Â“So I obeyed and kept my mouth shut,Â” Kohler said.Â
HeÂ’s been coming to Harrisburg for about five years to show his support for statute of limitations reform. Â“Individuals vote them in, and then they work for institutions,Â” Kohler said of the state legislators. Â“That needs to stop.Â”
If reform is passed that would allow Kohler the opportunity to sue his abuser, Kohler said he knows what he would do with any money he could collect.
Â“I will hopefully be able to afford therapy,Â” he said.
Dave Kohler, who said he was abused by an ordained minister in the Jehovah's Witnesses in Kutztown and Emmaus, talks about his experience, during the demonstration for statute of limitations reform to the state's childhood sexual abuse laws at the state capitol in Harrisburg on Monday.Â (Photo: Paul Kuehnel, York Daily Record)
By The Librarian
New research in the USA shows that Jehovah's Witnesses who refuse blood transfusions recover from heart surgery faster and with fewer complications than those who have transfusions.
Patients who are Jehovah's Witnesses had better survival rates, shorter hospital stays, fewer additional operations for bleeding and spent fewer days in the intensive care unit than those who received blood transfusions during surgery, a study in the Archives of Internal Medicine shows.
Jehovah's Witnesses undergo extensive blood conservation before surgery, including red blood-cell boosting erythropoietin drugs, iron and B-complex vitamins to guard against anaemia. The practice offered a "unique natural experiment" for scientists to study the short and long-term effects of the blood management strategy and may point to ways to reduce need for transfusions, researchers said.
The study included 322 Jehovah's Witness patients and 87,453 other patients who underwent heart surgery at the Cleveland Clinic from 1983 to 2011. All Jehovah's Witness patients refused blood transfusions. In the other group, 38,467 did not receive transfusions while 48,986 did.
The authors wanted to look at the difference between patients who receive blood transfusions during surgery and Jehovah's Witness patients, who undergo strict blood conservation practices before, during and after surgery, Koch said.
While many patients do not have blood transfusions during and after heart surgery, they also do not undergo the same blood conservation practices that doctors use for Jehovah's Witness patients.
Jehovah's Witness patients had an 86 per cent chance of survival at five years and a 34 per cent chance of survival 20 years after surgery, compared with 74 per cent at five years and 23 per cent at 20 years for non-Jehovah's Witness patients who had transfusions.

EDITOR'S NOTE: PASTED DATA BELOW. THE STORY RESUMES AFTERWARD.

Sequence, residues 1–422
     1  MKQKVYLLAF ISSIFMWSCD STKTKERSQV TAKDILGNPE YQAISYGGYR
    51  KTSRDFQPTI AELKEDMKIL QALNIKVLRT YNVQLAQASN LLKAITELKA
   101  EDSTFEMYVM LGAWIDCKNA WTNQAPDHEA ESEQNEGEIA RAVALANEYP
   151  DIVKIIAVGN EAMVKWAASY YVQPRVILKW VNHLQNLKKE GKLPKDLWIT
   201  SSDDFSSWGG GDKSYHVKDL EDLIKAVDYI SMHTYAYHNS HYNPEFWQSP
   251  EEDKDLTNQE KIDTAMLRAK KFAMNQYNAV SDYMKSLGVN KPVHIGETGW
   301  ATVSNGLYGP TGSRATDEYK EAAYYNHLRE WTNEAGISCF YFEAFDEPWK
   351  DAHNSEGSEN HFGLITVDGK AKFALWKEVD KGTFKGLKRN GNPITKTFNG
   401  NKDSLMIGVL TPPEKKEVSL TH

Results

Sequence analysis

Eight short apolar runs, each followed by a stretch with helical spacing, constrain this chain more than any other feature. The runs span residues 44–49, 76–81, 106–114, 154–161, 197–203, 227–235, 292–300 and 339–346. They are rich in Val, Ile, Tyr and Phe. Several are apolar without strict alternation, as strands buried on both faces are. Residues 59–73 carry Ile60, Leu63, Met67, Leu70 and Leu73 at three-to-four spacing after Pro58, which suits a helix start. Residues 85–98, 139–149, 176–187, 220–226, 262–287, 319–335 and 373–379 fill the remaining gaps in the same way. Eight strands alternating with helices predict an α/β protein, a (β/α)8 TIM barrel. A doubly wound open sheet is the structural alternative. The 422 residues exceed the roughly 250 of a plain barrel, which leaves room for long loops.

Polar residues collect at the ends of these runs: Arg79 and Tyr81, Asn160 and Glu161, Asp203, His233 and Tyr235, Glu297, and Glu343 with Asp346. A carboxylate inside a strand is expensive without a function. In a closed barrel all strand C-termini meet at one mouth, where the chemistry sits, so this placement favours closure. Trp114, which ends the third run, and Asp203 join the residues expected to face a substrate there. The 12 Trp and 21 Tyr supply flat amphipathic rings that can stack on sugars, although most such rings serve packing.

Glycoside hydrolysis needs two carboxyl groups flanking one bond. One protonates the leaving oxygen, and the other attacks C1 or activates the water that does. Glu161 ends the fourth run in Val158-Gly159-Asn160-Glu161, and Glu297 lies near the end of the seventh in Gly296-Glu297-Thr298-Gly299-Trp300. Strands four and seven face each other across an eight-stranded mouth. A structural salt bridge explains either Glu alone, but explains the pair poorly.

By JOHN BUTLER
Jehovah has clearly and unambiguously prohibited the use of blood for sustaining human life. Many times, OT and NT.
Can I question this point please ?
Did Jesus ever forbid the use of blood to save a human life ? Can you show me a scripture where JESUS forbids the use of blood to save a human life ?
Let us look at a few points here.
I think it is true that the Jews / Nation of Israel practised something known as Pikuach Nefesh
This meant life was precious and should be saved even if it meant going against the Law.
Add to this that Jesus gave an example which in my opinion goes much deeper than the actual words of the scripture. Matthew 12 v 9 through 12.
9 After departing from that place, he went into their synagogue, 10 and look! there was a man with a withered* hand!k So they asked him, “Is it lawful to cure on the Sabbath?” so that they might accuse him.l11 He said to them: “If you have one sheep and that sheep falls into a pit on the Sabbath, is there a man among you who will not grab hold of it and lift it out?m12 How much more valuable is a man than a sheep! So it is lawful to do a fine thing on the Sabbath.”
Surely here Jesus is saying that it is right to go against 'the Law' and /or the principles of it, to save a life.
And please tell me, from where do those 'blood bits' come from that the GB say the congregants can use ? I honestly have no idea on that one.
However if those 'blood bits' come from blood itself then isn't that actually using blood ?
My wife hates cherries in cakes, so she picks them out, but she still eats the cake. If a person uses bits out of blood then in my opinion they are still using blood.
Over to you guys.
By Guest Nicole
SCHOHARIE, N.Y. — It was an intersection of two highways, one a steep downhill road, that residents had long warned was notoriously dangerous.
On Saturday afternoon, their worst fears were realized: A limousine lost control, careening through the intersection and striking an empty car. The crash killed all 18 people in the white limousine and two pedestrians in an accident that left deep tire tracks in the ground and a small upstate New York town reeling.
“That limo was coming down that hill probably over 60 miles per hour,” said Jessica Kirby, 36, the manager of the Apple Barrel Country Store, where she said customers were hit near the parking lot. “All fatal.”
“I don’t want to describe the scene,” she added. “It’s not something I want to think about.”
Read more: https://www.nytimes.com/2018/10/07/nyregion/wedding-limo-crash-schoharie-ny.html
By Guest Nicole
While most of the comments on the post in the Facebook page debated the merits of the celebrations and the priorities of the district, some focused on the religious beliefs of those who don't celebrate Halloween.
Halloween began as the Celtic festival Samhain, where people would light bonfires and wear costumes to frighten ghosts, according to History.com. Due to its roots, the holiday isn't celebrated by certain religions or groups, including Jehovah's Witnesses, some Christians, Orthodox Jews and Muslims.
"It is the stated strategy of some to use our own laws against us," reads on comment on Facebook. "Wake up people. Nothing is an 'American Tradition' anymore. (And many who move here aren't doing so to become American)."
Another comment asked "Who is ruining traditions?" The response from a different person, which has since been deleted, read: "Muslims."